Friday, 20 March 2015

Taiping Trials

Today I had a visit from fellow WDer Tim Gow from "Megablitz and More". He came to see me on a business matter, but we also found the time to squeeze in some "Shed Action".

As we haven't had a game for a while I was in a bit of a quandary as to what to put on. Then the answer became obvious. The Taiping's have been finished recently and haven't been blooded yet. "Taiping Era" it is then, prompting some late might flag painting.

Not having played the rules for a while I set up a fairly simple confrontation. I hadn't realised how many Imperials I had, so I had to cut the army size back to make a game of it.

It was a good refresher for me of the rules and Tim made some helpful suggestions as well in areas where the rules have proved problematic in the past. I also learned not to pack the centre of the table with terrain if you want the game to move forward swiftly.


My Imperials are to the left, Tim's Rebels to the right. We meet in a fertile valley, at a cross roads dividing the local paddy fields.


Tim, worried about his right flank, bolsters his sword and shield men with a unit of cavalry.


He adopts a watchful pose in the centre, relying on his massed guns to drive off my superior forces.


 I, cunningly, have deployed my artillery out of range and in the wrong place so I have no covering fire. This means my Tiger Men are swiftly broken by Tim's artillery, and are soon streaming towards the rear.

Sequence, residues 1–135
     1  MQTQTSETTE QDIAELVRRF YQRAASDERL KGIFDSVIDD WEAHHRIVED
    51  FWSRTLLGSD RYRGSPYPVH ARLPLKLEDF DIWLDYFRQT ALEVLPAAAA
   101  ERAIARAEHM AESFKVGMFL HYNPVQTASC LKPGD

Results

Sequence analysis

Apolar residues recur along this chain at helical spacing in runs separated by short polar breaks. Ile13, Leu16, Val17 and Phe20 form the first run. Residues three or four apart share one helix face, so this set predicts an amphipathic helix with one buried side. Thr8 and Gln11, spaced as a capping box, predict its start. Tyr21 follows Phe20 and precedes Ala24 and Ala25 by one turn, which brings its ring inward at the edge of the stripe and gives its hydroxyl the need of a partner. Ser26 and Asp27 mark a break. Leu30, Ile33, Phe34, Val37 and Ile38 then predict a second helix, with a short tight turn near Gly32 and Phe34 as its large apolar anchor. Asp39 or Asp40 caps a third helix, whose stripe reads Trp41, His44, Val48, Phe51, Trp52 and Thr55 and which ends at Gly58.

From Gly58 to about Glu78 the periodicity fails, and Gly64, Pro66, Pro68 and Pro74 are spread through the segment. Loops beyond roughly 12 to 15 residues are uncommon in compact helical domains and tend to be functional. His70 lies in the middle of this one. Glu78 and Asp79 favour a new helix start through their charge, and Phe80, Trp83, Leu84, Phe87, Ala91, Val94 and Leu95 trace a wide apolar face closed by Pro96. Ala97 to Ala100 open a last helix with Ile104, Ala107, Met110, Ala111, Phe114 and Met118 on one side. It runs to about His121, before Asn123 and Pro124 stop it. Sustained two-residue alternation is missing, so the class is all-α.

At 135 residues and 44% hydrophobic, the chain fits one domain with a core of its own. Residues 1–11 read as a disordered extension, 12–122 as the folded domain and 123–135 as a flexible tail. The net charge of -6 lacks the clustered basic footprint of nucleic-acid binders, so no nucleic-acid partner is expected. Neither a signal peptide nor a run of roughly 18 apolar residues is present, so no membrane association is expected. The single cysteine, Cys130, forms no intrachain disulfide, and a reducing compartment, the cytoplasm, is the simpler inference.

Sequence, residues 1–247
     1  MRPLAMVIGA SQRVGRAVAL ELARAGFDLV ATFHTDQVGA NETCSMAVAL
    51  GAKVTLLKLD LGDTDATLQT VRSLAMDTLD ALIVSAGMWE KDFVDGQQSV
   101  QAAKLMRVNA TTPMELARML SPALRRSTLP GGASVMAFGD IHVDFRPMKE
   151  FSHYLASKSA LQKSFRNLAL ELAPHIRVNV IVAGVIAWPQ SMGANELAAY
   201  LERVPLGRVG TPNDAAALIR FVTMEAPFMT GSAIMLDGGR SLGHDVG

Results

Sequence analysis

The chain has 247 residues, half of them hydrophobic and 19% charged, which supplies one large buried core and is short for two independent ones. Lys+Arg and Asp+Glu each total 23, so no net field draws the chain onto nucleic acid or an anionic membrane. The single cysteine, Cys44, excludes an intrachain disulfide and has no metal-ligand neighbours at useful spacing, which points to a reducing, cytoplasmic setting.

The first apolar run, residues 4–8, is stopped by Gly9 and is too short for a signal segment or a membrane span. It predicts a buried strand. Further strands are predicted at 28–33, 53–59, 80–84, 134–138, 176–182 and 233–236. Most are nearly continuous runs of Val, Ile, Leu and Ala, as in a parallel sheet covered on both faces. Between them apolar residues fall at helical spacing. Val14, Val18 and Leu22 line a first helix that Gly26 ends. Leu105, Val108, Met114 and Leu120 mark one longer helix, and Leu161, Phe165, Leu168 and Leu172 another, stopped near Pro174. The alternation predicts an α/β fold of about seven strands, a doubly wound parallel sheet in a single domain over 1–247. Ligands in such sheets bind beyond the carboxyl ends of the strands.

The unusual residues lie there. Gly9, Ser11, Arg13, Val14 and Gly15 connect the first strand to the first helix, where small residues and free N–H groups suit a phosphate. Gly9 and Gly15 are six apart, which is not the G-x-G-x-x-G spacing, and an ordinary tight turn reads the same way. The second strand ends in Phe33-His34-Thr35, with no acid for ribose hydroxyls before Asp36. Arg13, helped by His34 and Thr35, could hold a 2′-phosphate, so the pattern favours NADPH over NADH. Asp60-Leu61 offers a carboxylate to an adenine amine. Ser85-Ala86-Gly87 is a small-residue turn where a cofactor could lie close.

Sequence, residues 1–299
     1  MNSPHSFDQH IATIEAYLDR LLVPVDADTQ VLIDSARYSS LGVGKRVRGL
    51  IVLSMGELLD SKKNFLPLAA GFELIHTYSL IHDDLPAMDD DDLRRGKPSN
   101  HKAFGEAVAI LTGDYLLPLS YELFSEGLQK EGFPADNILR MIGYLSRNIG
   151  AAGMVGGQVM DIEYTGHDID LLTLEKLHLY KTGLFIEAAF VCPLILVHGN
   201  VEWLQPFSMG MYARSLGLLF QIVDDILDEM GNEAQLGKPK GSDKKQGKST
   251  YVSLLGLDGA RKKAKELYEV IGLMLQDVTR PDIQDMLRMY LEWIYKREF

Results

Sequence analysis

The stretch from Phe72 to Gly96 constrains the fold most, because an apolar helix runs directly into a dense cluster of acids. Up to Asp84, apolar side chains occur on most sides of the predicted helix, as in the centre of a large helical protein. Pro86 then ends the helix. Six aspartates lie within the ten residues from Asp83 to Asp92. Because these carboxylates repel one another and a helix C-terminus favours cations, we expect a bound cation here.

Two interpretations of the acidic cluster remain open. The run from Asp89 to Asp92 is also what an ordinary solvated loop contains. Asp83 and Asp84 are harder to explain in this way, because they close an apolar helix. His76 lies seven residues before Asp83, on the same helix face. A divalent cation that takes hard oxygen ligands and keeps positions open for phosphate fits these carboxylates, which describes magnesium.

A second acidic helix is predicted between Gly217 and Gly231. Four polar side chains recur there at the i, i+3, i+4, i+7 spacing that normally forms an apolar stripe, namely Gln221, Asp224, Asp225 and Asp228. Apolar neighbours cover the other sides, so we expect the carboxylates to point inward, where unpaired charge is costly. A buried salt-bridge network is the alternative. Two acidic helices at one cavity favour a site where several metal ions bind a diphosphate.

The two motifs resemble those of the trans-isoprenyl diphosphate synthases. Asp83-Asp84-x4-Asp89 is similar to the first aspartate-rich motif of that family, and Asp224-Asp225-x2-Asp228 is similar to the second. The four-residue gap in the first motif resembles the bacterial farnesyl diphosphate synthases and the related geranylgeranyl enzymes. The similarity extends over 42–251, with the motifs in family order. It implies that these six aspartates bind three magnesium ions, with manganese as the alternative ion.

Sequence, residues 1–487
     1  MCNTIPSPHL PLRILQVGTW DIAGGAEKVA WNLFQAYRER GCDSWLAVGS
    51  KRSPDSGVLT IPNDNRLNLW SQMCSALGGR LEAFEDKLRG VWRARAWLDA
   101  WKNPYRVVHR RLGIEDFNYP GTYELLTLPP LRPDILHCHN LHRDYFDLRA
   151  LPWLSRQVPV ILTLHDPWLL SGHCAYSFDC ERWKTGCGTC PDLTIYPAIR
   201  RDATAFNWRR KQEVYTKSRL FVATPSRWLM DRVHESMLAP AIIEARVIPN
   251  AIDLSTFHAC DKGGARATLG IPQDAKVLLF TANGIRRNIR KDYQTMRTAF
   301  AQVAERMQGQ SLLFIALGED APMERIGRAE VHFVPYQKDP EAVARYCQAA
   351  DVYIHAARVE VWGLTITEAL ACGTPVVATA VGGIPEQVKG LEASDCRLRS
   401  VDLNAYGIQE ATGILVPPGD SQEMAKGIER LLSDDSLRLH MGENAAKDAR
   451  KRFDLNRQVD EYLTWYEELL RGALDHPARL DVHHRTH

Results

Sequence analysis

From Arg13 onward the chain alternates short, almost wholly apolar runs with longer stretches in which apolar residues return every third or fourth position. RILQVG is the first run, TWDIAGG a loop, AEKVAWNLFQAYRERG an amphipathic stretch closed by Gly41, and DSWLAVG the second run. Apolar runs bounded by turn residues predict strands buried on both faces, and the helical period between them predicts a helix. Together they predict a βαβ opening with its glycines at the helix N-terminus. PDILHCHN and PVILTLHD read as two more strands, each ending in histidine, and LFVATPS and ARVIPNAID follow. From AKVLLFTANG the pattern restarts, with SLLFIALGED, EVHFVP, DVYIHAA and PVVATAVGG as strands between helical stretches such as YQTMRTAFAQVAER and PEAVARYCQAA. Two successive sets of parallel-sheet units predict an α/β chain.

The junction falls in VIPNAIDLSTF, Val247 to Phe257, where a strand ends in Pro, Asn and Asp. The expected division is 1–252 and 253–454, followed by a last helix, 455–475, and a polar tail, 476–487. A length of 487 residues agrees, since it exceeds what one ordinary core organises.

On my right my brave Manchoo horse wade through paddy fields to face down Tim's cavalry.


On my left I have massed my Mongol hordes, confident of smashing in Tim's flank guards and delivering me victory.


A vigorous round of combat  sees one of my cavalry units needing to retire for refit, whilst Tim's skirmishers take to their heels.


Everywhere the mighty forces of the Empire press forward as the Taiping Rebels cower on their base line.


The left flank cavalry melee ends with both sides falling back after indecisive combat. On the far flank, and out of shot, we have broken a unit each and so both have some cavalry threatening our opponent's rear.


Here's a close up of Tim's right flank horse, showing their shaky morale with an MV ("Moral Vigour") marker of two.


Meanwhile in the middle my rallied Tiger Men have counter attacked and are just about to overrun those pesky Taiping jingals, whilst my own such unit pours fire into those opposing infantry.


Alas I am unable to close and break where I need to, and Tim's guns are breaking my units one at a time.


The left flank has descended into a stalemate as I am unable to rally my cavalry sufficiently to close again. Tim's superior quality troops are making a difference all along the line.


A final shot of the centre. Most of my infantry has broken and it is time for Tim to go home. Another victory for the Heavenly Kingdom.

I need to revisit my understanding of the rules and tidy up a few areas, but otherwise not too bad a return. I probably need more Taiping troops and I also need to look again at the command structure. Still, good enough to return to CoW, most probably.

(NB The rules are available as a download, top right of the page).


2 comments:

  1. My victory came as something of a surprise. I can only conclude that you somehow managed to surpass my level of ineptitude! Up the revolution comrades....

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    Replies
    1. I've re-read the rules. We were playing some of it wrong. I should have lost by even more.

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